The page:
To start with, it was Larry Dominguez (movie reporter) who invited Josephine and Ronnie for that coronation rites.  "I was also invited by Larry but I told him that I don't think I could make it.  Besides, it is more fitting for Ronnie to go, for somehow, he knows them personally.  That person in Bataan happens to be a childhood friend of Ronnie.  Anyway, Ronnie and I were doing a movie together and in order for him to attend the coronation in Bataan, he made arrangement with the director to shoot his scenes in advance.  But then somehow, along the way, something went wrong.  The death of director Efren Reyes, a very close friend of Ronnie changed the whole schedule.  When the date of the coronation came, Ronnie's scenes had to be shot.  Inasmuch as someone had to explain to the people of Bataan what happened, Manding requested me to take the place of Ronnie.  But I didn't go there to represent Ronnie in the coronation festivities.  I went there to explain in behalf of my co-actor his inability to attend the affair.  Andy Poe accompanied me.  Honestly, I don't know where they get the idea that I was trying to outshine another.  As I have said, I didn't go there with the intention of crowning anyone.  Let somebody intended for that do that honor.  Why don't you ask Matimtiman Cruz or Pepe Pimentel.  They were there."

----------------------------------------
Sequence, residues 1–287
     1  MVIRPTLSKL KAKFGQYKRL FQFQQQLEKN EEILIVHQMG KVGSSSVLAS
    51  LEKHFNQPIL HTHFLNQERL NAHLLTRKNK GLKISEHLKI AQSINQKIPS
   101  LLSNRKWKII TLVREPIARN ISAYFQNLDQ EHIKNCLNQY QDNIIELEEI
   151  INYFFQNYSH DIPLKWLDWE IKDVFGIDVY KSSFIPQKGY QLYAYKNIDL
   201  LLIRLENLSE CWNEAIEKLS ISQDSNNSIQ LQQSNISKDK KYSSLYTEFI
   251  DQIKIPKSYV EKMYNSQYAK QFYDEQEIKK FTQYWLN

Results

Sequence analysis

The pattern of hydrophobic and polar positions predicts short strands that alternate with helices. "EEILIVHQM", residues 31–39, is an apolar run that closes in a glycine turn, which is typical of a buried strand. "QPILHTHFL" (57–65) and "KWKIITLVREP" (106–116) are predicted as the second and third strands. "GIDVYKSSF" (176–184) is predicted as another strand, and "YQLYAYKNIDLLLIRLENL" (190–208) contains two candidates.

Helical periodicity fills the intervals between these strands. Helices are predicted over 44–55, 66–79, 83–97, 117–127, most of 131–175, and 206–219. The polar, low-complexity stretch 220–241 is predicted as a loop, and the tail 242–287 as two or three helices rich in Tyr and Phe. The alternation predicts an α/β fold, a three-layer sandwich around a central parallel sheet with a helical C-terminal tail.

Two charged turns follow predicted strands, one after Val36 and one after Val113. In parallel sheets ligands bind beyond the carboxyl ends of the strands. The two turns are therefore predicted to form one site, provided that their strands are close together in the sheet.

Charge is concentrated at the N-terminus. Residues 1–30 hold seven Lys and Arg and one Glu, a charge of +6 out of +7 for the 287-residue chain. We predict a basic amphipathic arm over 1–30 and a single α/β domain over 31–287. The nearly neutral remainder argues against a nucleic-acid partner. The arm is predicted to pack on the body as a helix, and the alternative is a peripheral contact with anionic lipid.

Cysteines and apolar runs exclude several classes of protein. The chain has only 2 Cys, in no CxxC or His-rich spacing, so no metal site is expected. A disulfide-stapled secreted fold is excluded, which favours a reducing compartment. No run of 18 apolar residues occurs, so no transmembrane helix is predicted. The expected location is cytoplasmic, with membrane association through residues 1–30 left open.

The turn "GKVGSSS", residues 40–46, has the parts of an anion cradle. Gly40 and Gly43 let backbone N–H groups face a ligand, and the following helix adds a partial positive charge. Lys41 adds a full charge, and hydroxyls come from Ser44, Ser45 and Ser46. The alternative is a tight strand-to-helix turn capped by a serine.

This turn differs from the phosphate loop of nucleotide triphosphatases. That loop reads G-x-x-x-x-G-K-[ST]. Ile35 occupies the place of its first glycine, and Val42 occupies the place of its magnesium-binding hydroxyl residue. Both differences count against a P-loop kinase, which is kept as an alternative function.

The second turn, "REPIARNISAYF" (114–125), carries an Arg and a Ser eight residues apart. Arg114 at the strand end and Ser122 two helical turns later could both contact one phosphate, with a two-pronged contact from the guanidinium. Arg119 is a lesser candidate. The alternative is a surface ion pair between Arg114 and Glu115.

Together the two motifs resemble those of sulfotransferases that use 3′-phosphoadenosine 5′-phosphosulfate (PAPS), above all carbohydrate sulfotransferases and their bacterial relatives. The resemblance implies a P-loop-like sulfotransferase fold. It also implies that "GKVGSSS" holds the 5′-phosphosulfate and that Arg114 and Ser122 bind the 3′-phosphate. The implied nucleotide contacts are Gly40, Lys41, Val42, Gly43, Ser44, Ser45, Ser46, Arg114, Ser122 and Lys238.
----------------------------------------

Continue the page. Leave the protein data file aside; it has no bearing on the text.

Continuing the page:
The article went on accusing Susan of practicing nepotism, of becoming thoroughly modern and not being honest with her age.  To such accusations I could only answer with questions:  Is Susan to blame if the producer who wanted her to appear in their production would also get the services of brother Joey and sisters Rosemarie and Teresita?  If  Susan really practices such, she could have easily done that in all the films she has appeared in -- why then settle with seven pictures as mentioned in the article?  As for her being thoroughly modern, one must bear in mind that this is the twentieth century where everything, from prices to clothings have greatly changed.  What is wrong with Susan wearing a mini if it fits her?  Don't tell me the writer would rather see Susan walking in the streets of Manila dressed in a kimona and smoking layebana?